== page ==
BY TATIRA ZWINOIRA
THE United States government says national employment councils (Necs) mandated minimum wages hardly exceed the poverty datum line (PDL), amid high inflationary pressure from the depreciating local currency.
In its recently released 2021 Human Rights Report, the US embassy to Zimbabwe noted that Nec set minimum wages “seldom” exceeded PDL, despite an increase in the cost of living.
According to the Zimbabwe National Statistics Agency, the total consumption poverty line for one person was $9 708 last month, up from February’s $9 144. Comparatively, the Consumer Council of Zimbabwe reported a cost of living of $12 500 for one person at the end of January.
Using Zimbabwe’s family average of six, these figures translate to a monthly cost of living of $58 248 and $75 000 regarding the official and unofficial statistics, respectively.
“Parliament mandated Necs to set the minimum wage for all industrial sectors through agreements between employers and labour unions. The minimum wage, when paid, seldom exceeded the poverty line due to the speed of inflation,” part of the report read.
“Employers paid many agricultural and domestic workers less than minimum wage. Many public servants earned salaries that put them below the poverty line due to rampant inflation and currency depreciation. The minimum wage was equivalent to US$25 per month at the official rate and US$14 per month at the parallel market rate, according to the ZCTU (Zimbabwe Congress of Trade Unions) as of October.”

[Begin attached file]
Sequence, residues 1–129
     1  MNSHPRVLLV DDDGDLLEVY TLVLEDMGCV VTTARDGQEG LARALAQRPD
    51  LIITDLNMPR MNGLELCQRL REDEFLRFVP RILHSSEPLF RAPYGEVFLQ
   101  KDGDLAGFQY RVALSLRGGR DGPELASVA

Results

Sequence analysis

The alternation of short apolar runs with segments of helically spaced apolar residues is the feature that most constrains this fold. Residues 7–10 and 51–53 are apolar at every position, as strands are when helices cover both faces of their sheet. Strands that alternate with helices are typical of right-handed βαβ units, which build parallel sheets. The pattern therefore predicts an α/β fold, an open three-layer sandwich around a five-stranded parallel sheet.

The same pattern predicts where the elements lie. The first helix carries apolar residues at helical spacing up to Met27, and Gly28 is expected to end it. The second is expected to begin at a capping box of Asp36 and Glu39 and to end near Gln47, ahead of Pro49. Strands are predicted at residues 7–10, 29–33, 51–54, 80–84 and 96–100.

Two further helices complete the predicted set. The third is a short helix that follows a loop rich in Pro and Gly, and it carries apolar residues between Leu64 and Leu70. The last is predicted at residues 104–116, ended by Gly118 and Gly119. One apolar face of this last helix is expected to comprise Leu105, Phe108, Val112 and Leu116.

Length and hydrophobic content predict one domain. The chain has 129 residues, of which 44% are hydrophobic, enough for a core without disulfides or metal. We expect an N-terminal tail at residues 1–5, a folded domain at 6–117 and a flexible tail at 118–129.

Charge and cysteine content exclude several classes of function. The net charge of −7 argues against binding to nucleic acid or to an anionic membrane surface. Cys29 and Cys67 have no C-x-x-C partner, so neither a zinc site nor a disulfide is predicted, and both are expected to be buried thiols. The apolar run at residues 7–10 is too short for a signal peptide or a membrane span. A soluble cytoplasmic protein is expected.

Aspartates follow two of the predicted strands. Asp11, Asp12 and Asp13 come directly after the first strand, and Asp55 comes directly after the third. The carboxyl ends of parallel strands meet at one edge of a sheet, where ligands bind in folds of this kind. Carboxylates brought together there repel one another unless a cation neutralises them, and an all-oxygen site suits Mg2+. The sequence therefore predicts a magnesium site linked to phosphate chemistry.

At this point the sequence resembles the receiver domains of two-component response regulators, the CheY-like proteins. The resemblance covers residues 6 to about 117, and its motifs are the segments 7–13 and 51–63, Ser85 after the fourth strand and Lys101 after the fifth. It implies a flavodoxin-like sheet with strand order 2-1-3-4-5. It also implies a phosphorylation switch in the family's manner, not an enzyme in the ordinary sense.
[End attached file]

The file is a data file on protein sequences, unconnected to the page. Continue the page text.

Research from the United States Agency for International Development food security arm, the Famine Early Warning Systems Network, found that the recent increases in fuel prices had contributed to the high cost of living.
Further, the Ukraine/Russia conflict has caused international food prices to rise leading to increases in the prices of local maize grain, maize meal, wheat flour and bread prices of at least 15%.
This also increased the cost of living and negatively impacting mainly low-income households.
As a result, basic commodity price increases are driving official and parallel market exchange rates currently at $1:150, and 1:330, respectively.
“The Public Service and Labour ministry is responsible for enforcing the minimum wage and work hours laws for each sector. The government did not effectively enforce these laws, particularly in the farming and domestic service sectors,” the report added.
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